Mar 14, 2019 11:09:25 AM Benjamin Pure

5 Steps to a Better Patient Flow in Your Hospital

Good patient flow is instrumental for delivering high-quality and timely care and enhancing efficiency in any hospital.

Despite that, overcrowding remains widespread in healthcare facilities. Various factors contribute to patient flow issues: understaffing, an insufficient number of hospital beds, or failure to follow procedures.

 

Patient ED wait times vary significantly. Several hospitals in the USA can boast zero wait time, while the record longest average ED wait time is the staggering 53 minutes per patient.

Although there’s no silver bullet to resolving departmental overcrowding, considerable improvements can be made within some areas to reduce patients’ congestion and cut down wait times in ED.

Dealing with Poor Patient Flow. Areas for Improvement

Sometimes a sudden influx of emergency patients can throw the entire ER out of balance. Ineffective admission and handoffs create delays, slow down operations, and jeopardize patients’ safety. Hospitals can offset those risks and combat overcrowding by introducing a set of regulated practices:

1. Establish department standards for triage and treatment

Most hospitals have a triage system already in place, but a more strategic approach is required to improve the flow of patients. Start from identifying the most frequent diagnoses among patients coming to the ER. Document each stage of their visit, and establish a standard protocol for each diagnosis to streamline patient handoff from one step in the treatment process to another.

An effective triage system can decrease the number of visits for minor illnesses by 20-60%

2. Introduce a digital queueing system

Automation of manual procedures is one of the most effective ways of managing patient flow. Modern software systems can automate the entire patient path from check-in and queuing through routing. Some of them can also handle appointment scheduling to orchestrate the flow of patients before they arrive at the hospital. Regardless of which queueing solution you choose, all of them will help you shorten the admission process, optimize patient data tracking, and improve floor operations and staff productivity.

3. Define an ER ‘fast-track’

Triage system assigns urgency to your patients, but it’s incomplete without an effective ‘fast-track’ system for lower-priority patients. By implementing it, you will be able to efficiently deal with patients with minor ailments (sore throat, rash, small cuts) without interfering the treatment of seriously ill patients.

How to proceed? Designate a separate area to isolate high-priority patients from those with less severe conditions. Ideally, assign dedicated staff to attend to each of these groups. If that’s not possible, specify procedures when a nurse or a physician can treat a low-acuity patient while they are free. The fast-track strategy implementation requires some effort, but it is extremely efficient in decreasing wait times and improving the overall ED turnaround time.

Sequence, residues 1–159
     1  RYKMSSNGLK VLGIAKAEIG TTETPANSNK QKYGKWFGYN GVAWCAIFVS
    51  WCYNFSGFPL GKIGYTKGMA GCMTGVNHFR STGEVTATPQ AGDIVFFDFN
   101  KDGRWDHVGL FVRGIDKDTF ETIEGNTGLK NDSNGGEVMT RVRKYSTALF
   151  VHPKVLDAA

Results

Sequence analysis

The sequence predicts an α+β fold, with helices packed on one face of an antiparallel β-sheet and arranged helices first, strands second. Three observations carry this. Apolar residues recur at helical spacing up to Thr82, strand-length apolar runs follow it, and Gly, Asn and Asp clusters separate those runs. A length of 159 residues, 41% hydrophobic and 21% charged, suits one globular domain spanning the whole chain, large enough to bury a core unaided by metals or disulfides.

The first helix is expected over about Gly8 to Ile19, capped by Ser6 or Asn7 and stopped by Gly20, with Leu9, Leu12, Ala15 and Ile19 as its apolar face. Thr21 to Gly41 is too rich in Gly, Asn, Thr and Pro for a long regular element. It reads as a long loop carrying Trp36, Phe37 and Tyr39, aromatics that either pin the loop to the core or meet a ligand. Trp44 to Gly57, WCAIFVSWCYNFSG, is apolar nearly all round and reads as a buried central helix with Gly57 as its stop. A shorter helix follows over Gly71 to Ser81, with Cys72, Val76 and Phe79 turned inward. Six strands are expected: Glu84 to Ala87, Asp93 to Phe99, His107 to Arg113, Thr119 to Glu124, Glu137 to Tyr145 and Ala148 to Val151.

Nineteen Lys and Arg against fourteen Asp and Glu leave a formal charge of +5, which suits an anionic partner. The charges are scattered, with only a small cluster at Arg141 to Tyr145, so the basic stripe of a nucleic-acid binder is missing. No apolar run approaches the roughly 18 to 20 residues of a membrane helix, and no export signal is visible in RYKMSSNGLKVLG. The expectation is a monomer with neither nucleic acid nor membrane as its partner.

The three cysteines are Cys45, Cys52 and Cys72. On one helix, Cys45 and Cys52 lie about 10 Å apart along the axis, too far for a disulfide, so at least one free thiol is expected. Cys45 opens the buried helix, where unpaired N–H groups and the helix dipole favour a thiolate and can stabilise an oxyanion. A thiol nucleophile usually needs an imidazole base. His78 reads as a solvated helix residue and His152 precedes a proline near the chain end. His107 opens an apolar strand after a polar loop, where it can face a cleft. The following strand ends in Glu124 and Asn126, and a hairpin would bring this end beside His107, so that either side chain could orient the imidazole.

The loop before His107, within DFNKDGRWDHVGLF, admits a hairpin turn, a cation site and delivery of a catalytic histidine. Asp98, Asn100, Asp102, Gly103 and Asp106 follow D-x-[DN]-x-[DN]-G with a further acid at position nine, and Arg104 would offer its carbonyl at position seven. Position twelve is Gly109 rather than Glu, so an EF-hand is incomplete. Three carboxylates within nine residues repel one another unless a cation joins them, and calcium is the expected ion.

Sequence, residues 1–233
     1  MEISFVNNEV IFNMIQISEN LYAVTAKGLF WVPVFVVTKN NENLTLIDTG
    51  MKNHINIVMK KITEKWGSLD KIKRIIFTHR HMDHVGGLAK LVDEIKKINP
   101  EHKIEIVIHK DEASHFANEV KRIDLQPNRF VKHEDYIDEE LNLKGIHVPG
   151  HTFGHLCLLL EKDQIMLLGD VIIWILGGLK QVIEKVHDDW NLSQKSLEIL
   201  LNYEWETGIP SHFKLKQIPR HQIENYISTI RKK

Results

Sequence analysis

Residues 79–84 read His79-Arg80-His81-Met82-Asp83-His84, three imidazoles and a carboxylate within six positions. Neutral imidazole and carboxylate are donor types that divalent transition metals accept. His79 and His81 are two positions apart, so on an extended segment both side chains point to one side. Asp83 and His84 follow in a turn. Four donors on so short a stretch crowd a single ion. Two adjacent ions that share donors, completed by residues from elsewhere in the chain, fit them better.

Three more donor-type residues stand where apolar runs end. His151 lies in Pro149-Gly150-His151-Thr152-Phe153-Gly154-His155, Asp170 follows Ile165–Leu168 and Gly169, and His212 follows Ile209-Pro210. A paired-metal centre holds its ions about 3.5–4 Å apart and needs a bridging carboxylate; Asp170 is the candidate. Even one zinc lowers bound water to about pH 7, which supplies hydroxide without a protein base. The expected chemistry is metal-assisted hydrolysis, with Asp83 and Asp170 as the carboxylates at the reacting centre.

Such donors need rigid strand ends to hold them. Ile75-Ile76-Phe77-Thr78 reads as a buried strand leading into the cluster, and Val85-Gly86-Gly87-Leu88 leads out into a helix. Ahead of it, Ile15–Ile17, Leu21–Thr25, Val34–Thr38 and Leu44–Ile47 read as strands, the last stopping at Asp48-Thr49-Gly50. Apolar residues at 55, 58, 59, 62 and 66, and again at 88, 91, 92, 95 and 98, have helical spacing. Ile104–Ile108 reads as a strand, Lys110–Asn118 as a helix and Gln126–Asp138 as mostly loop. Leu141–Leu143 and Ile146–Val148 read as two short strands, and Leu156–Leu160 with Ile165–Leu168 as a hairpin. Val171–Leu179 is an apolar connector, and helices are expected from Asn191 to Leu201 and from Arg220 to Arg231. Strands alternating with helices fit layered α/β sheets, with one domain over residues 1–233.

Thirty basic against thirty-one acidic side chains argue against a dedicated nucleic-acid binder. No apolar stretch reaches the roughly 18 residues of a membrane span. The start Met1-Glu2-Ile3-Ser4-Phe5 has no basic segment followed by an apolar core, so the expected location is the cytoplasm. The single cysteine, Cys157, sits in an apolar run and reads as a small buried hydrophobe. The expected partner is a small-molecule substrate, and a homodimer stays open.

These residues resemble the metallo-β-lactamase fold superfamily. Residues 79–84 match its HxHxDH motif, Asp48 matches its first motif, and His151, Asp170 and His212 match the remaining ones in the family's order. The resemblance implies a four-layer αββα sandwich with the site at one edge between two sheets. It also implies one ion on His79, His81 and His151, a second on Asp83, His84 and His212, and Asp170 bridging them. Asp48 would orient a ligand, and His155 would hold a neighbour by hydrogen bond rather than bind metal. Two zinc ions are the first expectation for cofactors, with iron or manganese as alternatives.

Thanks to launching a fast-track program, San Juan Medical Center reduced turnaround time to discharge by 20 minutes for low-acuity patients.

 

4. Optimize patient experience after check-in

Patients coming to ER often follow a chaotic path where they arrive, sit in the waiting area, register, and come back to the waiting hall again as they expect to be admitted. A faulty patient path leads to a line build-up. What’s more, it negatively affects patient experience and creates a sense of disorder.

To enhance the patient path and reduce wait times, map out and re-evaluate each stage of the patient’s visit to your hospital. Are there some common patterns emerging? Can some procedures be inverted to help your patients progress more smoothly (and faster) through their visit? Answering these questions will help you optimize the flow of your patients once they’re admitted.

5. Improve communication

Communication breakdowns lead to chaos, confusion, and delays. Fortunately, technology comes to the rescue as you can leverage it to streamline communications in your hospital across several critical touchpoints.

Consider introducing a single, centralized phone number for all hospital staff to let them immediately reach any hospitalist or relay consults to the relevant personnel. Facilitate the transfer of knowledge about your patients between the staff members by establishing a patient communication system. Leverage mobile technology to quickly distribute emergency notifications, critical test results, and other crucial updates among your staff.

Conclusion

Reducing hospital overcrowding is a challenging but feasible task. Hospitals that wish to achieve that goal and enhance the patient experience must seek innovative strategies and apply them systematically.

To start working towards better patient flow, define current metrics, set realistic, measurable goals, and systematically proceed with the above measures, taking one step at a time. That will put you in the right position to optimize throughput, increase revenue, and provide high-quality care to your patients.

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